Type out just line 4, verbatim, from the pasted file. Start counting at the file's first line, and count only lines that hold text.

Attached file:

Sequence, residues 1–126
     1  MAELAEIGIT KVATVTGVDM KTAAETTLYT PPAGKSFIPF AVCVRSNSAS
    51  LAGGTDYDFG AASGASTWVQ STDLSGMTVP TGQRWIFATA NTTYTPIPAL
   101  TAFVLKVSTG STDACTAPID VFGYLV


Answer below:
   101  TAFVLKVSTG STDACTAPID VFGYLV